Tuesday, January 21, 2014

The minimum wage is not well-targeted on poor families but it does seem to be targeted on low-income families

...which isn't to say it only affects low-income families of course. Lots of teenagers not from low-income families get their first work experience in a minimum wage job too.

But back to the question of poverty - this is somewhat of a cheat post because I am just reproducing a comment on David Henderson's recent post on the subject (see links to his NCPA paper for more details and his post for more links).


I have been writing a lot about the state time trends that Bob Murphy has been musing on lately, but I feel like I need to get to Meer and West and the flows, as well as Sabia-Burkhauser.

As a general reaction to the poverty reduction question, it sounds reasonable to me but I'm not sure poverty is the right lens to look through. I think a few basic calculations show in the first place that it's going to be more relevant for a broader category of low income families than poor families per se.

$7.25 x 35 hours x 50 weeks for someone that actually takes some time off but maybe doesn't have paid vacation and has a generous amount of hours on the cusp of full and part time (OR two part time jobs) gives you $12,687. That already exceeds the poverty line for a single person, and is just a few thousand short of a family of two. If you add minimum wage workers to the family, family income grows faster than the poverty line.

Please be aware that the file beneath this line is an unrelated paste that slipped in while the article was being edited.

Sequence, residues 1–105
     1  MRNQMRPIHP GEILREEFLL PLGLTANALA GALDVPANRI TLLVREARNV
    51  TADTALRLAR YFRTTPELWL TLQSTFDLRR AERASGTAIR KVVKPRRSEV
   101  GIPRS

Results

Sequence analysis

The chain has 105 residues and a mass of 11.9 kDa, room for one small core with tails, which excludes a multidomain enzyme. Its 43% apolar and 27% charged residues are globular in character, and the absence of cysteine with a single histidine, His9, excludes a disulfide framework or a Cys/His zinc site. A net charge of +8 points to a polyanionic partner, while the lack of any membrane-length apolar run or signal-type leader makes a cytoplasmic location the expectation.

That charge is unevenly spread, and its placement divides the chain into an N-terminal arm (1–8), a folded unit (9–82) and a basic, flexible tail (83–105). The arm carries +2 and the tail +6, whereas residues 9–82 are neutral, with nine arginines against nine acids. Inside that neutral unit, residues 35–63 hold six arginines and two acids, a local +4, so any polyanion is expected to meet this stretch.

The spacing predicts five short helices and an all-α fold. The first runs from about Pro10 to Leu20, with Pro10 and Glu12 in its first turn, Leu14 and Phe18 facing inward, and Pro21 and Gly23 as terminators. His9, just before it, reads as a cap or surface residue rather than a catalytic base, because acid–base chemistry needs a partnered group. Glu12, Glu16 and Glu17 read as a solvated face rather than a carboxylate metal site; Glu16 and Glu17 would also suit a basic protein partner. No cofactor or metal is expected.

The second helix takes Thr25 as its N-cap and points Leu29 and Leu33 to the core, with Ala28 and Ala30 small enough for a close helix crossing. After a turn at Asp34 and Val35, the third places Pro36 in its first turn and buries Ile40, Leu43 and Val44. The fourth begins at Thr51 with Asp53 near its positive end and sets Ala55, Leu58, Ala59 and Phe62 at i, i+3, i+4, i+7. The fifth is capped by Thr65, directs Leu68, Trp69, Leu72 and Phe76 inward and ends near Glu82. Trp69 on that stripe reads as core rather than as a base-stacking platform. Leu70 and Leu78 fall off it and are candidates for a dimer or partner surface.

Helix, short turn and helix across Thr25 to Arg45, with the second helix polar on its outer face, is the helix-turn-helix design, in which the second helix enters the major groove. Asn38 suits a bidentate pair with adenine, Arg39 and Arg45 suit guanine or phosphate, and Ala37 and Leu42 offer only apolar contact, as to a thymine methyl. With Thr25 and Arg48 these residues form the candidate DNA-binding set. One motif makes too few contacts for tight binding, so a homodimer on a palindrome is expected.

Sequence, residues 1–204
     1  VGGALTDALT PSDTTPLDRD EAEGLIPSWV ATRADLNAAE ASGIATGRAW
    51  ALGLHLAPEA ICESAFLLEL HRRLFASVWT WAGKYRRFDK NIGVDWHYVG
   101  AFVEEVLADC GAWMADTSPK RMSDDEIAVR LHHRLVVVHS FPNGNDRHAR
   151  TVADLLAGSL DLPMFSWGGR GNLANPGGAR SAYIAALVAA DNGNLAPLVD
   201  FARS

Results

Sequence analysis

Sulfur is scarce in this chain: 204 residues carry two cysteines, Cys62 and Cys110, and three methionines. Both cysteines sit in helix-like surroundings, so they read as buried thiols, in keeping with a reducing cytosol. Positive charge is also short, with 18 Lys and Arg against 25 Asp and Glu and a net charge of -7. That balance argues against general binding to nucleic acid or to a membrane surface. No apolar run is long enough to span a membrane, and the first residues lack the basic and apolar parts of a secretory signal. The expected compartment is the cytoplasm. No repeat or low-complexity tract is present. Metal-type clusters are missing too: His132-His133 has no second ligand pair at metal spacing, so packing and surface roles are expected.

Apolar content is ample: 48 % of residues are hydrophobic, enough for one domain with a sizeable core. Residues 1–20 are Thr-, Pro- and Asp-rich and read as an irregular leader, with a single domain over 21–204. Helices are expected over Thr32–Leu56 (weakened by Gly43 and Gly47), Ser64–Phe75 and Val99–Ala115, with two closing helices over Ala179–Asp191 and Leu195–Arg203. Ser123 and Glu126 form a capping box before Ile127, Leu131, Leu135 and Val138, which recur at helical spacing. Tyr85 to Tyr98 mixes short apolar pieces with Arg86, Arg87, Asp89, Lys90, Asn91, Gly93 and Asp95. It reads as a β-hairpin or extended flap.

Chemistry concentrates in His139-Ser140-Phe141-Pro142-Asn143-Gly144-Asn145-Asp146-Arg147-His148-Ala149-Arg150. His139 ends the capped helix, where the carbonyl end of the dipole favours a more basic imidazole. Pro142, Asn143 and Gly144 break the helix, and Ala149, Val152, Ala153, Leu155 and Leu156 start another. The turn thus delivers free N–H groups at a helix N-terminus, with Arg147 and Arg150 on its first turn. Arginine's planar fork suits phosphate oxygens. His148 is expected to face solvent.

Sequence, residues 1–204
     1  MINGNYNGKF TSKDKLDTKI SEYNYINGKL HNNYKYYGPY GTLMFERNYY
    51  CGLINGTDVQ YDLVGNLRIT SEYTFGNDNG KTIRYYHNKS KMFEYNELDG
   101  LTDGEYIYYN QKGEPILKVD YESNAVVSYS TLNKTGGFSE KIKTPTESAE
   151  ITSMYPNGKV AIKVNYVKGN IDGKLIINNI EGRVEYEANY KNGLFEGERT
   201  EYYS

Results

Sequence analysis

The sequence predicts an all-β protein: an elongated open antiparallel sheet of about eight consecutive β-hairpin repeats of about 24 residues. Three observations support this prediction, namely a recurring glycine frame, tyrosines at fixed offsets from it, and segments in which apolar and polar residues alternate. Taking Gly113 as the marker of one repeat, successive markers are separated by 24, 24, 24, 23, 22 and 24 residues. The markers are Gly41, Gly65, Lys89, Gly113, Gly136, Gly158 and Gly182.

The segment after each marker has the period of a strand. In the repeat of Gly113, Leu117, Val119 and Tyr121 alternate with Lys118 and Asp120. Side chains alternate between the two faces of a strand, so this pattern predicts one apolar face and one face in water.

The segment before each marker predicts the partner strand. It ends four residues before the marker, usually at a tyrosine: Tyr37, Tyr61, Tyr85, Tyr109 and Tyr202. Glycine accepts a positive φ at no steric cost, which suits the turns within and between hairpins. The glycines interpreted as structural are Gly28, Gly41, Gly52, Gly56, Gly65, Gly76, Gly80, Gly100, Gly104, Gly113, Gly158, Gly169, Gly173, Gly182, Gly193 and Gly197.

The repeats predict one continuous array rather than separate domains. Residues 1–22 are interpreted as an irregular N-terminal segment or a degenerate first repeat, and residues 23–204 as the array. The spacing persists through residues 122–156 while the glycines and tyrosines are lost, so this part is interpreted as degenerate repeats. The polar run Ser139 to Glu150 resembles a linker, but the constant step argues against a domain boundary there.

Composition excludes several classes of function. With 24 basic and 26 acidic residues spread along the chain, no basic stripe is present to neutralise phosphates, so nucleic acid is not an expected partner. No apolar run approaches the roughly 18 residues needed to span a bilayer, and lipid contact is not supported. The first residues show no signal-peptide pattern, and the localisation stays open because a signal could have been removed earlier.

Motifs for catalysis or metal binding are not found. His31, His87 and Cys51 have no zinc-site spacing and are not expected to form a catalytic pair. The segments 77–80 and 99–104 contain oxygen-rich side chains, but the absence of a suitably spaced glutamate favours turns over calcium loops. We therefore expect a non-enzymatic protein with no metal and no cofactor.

So this is not a poor person's policy from the beginning and certainly not if we're talking about the people making as high as $9.50. You don't even need to go to the data you just need to do a few thought experiments.

Whether it's well-targeted or not is a different question. A lot of these families are still low-income. We seriously consider expanding SCHIP to them, for example, even if not all benefits. I'm not sure how marginal these households are but as we've seen, one minimum wage earner in a household can account for a difference of up to 100% of the FPL, so losing that second or third person could make the family at 300% suddenly at 200%, or the family that's at 200% suddenly 100%. So it's not like these families are in a position where they're marginal workers - their income really matters even if they're not below the poverty line.

So all the commentary so far - from you [David Henderson], Cowen, etc - seems fine as far as it goes but I think it's still clearly a policy targeted at lower income families.


  1. Yes, yes, and yes - a lot of our debates about poverty are distorted by how we measure poverty.

    A few key things about poverty - it is both an absolute and relative condition. Obviously very few people in the United States are in absolute poverty the way people are in developing countries, but there are still a lot of people who are suffering from a great deal of economic stress, and are one mistake or bad break away from severe depravation, and generally face a high baseline of uncertainty, difficult choices, and exploitation, both illegal as well as legal and quasi-legal, with few resources to fall back on.

    Many of these people make more than the poverty line. That's because the poverty line is really, really low. Like, really low. For a family of four it's $23,550. That's not a lot of money. NGDP-per-capita in the United States is about double that, as is median household income.

    The poverty line does not account for regional differences in cost-of-living. $23,550 is a very, very different amount of money in Norman, OK than in my home city of Washington, DC - the median home price is 3-4 times as much, just to cite one example.